I mentioned this neat little tidbit in a conversation with a friend yesterday, and I was inspired to go look it up: from Paul Tingen’s book Miles Beyond: The Electric Explorations of Miles Davis, 1967-1991 -
The results of this session were compiled… in the first track on Jack Johnson, called “Right Off.” It begins with [guitarist John] McLaughlin, [bassist Michael] Henderson, and [drummer Billy] Cobham grooving along on the “boogie in E,” with McLaughlin’s inspired comping at times bordering on solo guitar. At 1:38 the guitarist takes down the volume, and at 2:11 he modulates to B-flat to heighten the dramatic effect of Miles’ entry. However, Henderson misses McLaughlin’s modulation, and carries on playing in E. In the middle of this clash of tonalities Miles decides to make his entrance, at 2:19. He starts by playing a D-flat (C-sharp), the minor third in B-flat and the major sixth in E. It is an ingenious choice because the note is effective in either key. Miles then plays twelve staccato B-flat notes, phrasing them on the beat to drive the band on, and also as if to nudge Henderson towards the B-flat tonality. Henderson gets the message, comes into line by modulating to B-flat at 2:33, and Miles carries on, giving one of the most commanding solo performances of his career, with fast runs reaching into the higher register, and a loud, full, powerful tone.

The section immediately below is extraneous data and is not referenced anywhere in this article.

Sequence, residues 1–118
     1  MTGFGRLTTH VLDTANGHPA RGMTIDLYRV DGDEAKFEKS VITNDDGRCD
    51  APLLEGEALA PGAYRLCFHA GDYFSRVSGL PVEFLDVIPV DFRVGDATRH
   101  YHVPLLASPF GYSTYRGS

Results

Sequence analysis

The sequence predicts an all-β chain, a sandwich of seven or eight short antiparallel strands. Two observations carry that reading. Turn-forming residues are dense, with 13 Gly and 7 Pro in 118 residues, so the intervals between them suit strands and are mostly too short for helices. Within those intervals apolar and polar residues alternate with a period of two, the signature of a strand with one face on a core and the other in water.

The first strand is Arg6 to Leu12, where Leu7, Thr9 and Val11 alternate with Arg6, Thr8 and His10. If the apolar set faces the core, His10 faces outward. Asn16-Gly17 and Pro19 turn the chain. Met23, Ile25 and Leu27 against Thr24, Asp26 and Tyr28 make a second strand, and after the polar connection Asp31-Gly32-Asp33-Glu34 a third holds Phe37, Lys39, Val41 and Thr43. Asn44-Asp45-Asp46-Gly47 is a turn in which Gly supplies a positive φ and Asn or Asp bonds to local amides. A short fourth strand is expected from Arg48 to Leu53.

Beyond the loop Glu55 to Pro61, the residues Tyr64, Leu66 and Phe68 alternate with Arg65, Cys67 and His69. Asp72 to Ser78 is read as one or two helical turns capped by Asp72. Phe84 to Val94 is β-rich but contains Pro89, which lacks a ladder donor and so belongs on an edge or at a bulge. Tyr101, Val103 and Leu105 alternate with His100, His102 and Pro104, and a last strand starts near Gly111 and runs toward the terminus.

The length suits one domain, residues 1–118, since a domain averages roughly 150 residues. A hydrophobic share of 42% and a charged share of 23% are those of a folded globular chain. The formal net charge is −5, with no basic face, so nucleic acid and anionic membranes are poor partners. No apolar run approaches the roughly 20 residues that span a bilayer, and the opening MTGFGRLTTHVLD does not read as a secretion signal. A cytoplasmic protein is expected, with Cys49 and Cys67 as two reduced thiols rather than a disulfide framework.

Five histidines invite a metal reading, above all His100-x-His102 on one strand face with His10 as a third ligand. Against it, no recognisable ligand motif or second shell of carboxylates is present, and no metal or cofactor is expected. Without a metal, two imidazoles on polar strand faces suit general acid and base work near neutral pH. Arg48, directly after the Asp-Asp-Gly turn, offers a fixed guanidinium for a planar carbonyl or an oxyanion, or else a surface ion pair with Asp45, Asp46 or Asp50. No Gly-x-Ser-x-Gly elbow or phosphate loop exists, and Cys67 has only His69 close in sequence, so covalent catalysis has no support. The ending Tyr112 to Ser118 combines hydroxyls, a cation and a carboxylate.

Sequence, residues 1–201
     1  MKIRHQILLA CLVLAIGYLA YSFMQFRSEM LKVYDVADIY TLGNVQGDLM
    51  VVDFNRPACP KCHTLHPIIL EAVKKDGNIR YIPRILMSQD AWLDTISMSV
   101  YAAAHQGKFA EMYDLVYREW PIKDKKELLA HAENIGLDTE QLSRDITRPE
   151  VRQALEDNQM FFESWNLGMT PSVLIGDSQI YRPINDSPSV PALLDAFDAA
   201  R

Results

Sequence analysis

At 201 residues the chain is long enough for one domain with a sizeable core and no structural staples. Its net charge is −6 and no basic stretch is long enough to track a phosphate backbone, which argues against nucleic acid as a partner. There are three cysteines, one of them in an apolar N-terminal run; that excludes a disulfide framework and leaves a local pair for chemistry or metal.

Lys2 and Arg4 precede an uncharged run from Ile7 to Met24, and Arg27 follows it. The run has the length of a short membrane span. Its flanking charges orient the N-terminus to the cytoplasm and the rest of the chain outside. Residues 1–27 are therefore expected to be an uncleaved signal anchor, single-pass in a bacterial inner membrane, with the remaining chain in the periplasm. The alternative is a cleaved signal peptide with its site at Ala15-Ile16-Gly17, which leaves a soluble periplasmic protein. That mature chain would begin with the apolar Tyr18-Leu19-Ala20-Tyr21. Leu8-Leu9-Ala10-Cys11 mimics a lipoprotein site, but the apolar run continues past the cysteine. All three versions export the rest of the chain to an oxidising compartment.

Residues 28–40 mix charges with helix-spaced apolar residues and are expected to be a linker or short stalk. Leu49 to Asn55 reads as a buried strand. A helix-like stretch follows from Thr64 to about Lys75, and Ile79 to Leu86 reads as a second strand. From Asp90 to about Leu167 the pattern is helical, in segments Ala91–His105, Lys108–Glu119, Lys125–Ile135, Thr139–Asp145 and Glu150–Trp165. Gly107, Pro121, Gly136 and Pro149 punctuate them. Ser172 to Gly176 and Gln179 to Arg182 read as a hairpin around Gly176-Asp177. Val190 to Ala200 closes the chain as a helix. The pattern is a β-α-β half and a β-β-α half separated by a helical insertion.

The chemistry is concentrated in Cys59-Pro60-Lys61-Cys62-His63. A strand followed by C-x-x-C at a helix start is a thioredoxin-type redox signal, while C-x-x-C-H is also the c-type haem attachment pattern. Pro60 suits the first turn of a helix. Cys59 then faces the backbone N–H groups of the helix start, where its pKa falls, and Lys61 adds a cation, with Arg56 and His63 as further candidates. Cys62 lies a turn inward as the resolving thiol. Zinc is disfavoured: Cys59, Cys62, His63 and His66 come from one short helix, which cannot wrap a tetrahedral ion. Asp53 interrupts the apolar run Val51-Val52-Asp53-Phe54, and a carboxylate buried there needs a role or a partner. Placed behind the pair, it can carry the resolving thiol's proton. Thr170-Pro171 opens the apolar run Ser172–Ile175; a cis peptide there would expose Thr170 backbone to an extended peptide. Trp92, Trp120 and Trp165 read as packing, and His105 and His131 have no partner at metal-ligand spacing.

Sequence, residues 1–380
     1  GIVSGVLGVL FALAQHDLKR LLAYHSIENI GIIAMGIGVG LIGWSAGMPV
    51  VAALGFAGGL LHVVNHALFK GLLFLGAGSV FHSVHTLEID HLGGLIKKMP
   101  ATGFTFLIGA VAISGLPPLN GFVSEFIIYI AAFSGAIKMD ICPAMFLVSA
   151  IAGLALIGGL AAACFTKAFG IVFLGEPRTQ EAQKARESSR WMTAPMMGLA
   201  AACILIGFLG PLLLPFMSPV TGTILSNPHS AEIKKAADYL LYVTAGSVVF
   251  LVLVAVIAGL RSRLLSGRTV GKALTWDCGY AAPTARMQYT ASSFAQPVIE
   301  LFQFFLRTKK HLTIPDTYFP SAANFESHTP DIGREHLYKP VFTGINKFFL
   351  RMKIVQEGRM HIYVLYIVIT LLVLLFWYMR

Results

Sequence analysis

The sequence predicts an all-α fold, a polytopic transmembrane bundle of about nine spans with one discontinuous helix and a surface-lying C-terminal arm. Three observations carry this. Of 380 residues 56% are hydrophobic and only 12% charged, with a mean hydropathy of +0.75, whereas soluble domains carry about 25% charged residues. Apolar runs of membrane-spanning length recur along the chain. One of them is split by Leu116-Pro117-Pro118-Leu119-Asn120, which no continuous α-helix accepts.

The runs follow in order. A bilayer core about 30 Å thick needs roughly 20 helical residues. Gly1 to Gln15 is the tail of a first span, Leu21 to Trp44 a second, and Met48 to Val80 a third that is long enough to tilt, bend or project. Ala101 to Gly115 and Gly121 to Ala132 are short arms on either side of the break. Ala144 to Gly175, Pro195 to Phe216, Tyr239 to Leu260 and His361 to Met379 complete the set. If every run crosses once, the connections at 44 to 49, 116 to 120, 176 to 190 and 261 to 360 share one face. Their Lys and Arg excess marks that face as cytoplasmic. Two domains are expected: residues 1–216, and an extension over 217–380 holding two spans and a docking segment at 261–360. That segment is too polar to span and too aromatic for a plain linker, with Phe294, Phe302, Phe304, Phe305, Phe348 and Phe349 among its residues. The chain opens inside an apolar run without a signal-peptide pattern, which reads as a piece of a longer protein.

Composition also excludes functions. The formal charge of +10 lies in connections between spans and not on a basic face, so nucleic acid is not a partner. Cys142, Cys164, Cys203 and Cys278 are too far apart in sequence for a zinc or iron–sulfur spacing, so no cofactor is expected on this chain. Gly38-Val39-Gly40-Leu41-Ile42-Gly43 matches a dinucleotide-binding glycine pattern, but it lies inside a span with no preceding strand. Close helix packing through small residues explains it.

Writer Stuart Nicholson rightly called Miles’ entry in “Right Off” “one of the great moments in jazz-rock.” It is also one of the most impressive examples of the “there are no mistakes” adage that Miles learned from Charlie Parker in the 1940s. Most musicians would have regarded the point when Henderson and McLaughlin were clashing with two such incompatible keys at E and B-flat as an embarrassing mistake and would have either stopped the band or instructed to producer to remove the section during editing. Very few would have considered, or have had the courage, to come in at such a moment. And even fewer would have been able to make it into a resounding success.
The passage continues on and cites a common quote usually attributed to Miles: “If you play a note you didn’t intend to play, what determines whether it sounds like a mistake or a moment of inspiration is the note you play after it.”
Incidentally, this is a great book. Tingen gives a great overview of Miles’ fusion output during the latter part of his career, going into great detail about each recording while still managing to keep a momentum throughout that keeps the entire book fascinating. I would easily recommend this book to anyone interested in this phase of Miles’ career - which should be many of you reading this site. I actually meant to post a full review when I initially read it, but it was in the middle of exams last spring and so I never got around to it. If and when I reread the book, I’ll be sure to write about it then.